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Our binding decisions

Excessive pruning of trees (D/00/1)

Case number: D/00/1
Date of Decision: 31 October 2000
Decision accepted by the customer: Yes

A customer contacted EIOV stating that she was dissatisfied with the way trees on her property had been trimmed by her electricity company's contractors. The customer said she arrived home to find five trees on her property had been severely pruned. This had damaged the integrity and health of the trees and she was seeking compensation for loss of value and amenity of the trees.

She had been notified that the pruning would take place, but this notice had come 50 days earlier. She did not believe it was necessary to contact the company to discuss the pruning as previous pruning had been conducted sensitively.

The day after the pruning, the customer met with company representatives at her property. She said that they offered to have replacement trees planted, to pay for the repair of her garden and pay her solicitor's fees relating to the matter. She also asked about compensation, but was told the company would not pay compensation at this time. She later received a letter from the company saying that it would accept no liability for any damage to the trees, or loss of value or amenity, but would provide vouchers for replacement trees. No mention was made of her solicitor's fees.

When contacted by EIOV, the electricity company said the trees were heavily overgrown and required substantial pruning, which was undertaken in accordance with the Australian Standard AS 4373 - Pruning of Amenity Trees. It also said no offer had been made to the customer to repair damage to her garden, as there was no such damage, and that it was its practise to provide replacement trees using a voucher system. The company offered to further trim and remove trees on the customer's property to improve the appearance and provide vouchers for suitable fast-growing trees. The customer rejected the offer, as well as two further offers as they were not what had been promised.

During the investigation, the company said it thought the trees were last pruned by the SECV and later found records showing pruning last took place in 1995, but it could not verify the date. In 1996, the condition of the trees had been recorded in the company's records as 'fair', meaning in need of attention and possibly nearing powerlines, however, they were not pruned for a further three years.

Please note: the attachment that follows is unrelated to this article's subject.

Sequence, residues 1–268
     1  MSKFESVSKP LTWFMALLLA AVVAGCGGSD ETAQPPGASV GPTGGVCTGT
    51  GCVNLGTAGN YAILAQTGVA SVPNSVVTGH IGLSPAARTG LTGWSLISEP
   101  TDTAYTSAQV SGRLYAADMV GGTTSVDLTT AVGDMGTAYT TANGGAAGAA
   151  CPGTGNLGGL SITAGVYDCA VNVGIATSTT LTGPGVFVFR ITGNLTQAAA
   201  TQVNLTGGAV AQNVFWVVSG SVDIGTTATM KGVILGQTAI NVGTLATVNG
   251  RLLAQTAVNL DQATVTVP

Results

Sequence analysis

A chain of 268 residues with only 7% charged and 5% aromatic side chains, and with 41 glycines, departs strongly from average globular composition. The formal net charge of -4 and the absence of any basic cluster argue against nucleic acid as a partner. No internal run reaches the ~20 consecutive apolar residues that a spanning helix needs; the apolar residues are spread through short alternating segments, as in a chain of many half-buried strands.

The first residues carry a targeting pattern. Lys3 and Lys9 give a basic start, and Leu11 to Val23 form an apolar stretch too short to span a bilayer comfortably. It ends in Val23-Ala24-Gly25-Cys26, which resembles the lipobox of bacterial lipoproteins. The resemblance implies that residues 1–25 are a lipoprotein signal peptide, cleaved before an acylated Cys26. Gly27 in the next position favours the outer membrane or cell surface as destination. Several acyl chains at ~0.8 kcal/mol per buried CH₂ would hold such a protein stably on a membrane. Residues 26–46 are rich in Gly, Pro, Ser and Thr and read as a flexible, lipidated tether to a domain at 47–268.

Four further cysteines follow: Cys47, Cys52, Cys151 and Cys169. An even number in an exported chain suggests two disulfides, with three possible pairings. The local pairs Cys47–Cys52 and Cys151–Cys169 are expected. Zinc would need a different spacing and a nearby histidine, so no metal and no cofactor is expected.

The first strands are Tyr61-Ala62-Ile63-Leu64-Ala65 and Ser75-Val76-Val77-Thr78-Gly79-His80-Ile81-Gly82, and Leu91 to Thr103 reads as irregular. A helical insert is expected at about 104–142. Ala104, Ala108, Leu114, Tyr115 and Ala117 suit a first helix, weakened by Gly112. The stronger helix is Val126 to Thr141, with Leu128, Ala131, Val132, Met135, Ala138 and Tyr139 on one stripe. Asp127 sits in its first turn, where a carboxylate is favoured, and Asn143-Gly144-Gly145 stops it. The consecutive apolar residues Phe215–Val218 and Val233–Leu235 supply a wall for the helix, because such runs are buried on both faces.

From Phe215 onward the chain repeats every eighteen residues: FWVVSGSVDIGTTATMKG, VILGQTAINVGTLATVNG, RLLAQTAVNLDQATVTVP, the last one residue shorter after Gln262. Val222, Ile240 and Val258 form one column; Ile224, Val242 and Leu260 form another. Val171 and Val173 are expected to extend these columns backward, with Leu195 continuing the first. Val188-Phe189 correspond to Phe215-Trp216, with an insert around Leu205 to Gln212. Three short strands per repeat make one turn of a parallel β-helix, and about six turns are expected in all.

EIOV obtained a report from an independent arboricultural expert. The report indicated that the pruning had been excessive and may have long term implications for the health, amenity and function of the trees. The independent arboriculturalist assessed the loss of value of the trees as a result of the pruning to be $5,780.

Because the case could not be resolved through conciliation, it went to a Binding Decision by the Ombudsman.

The Ombudsman concluded that the company had not followed its own Vegetation Management Plan of rolling three-year cycle pruning as required by the Code of Practice for Powerline Clearance (Vegetation) 1996 (the Code). She also concluded that the manner of pruning was different from the established pruning practice for the customer's area, and that the company had not consulted with the affected persons (in this case, the customer) as required by the Code, before going ahead with it. The Ombudsman referred this matter of compliance with the Code to the Office of the Chief Electrical Inspector. The company's obligation to ensure public safety in the area was also taken into account. The Ombudsman further noted that the company appeared to have breached the Supply & Sale Code 1997, in not advising the customer's solicitor (when so requested) about EIOV.

Because the Ombudsman considered the customer had no cause to believe that the pruning would differ from what had taken place in the past, she did not hold the customer responsible for not contacting the company to discuss the pruning when she first received the notice. The Ombudsman determined that the company pay the customer $6,400, made up of the assessed $5,780 loss of value of the trees and $620 for her solicitor's fees.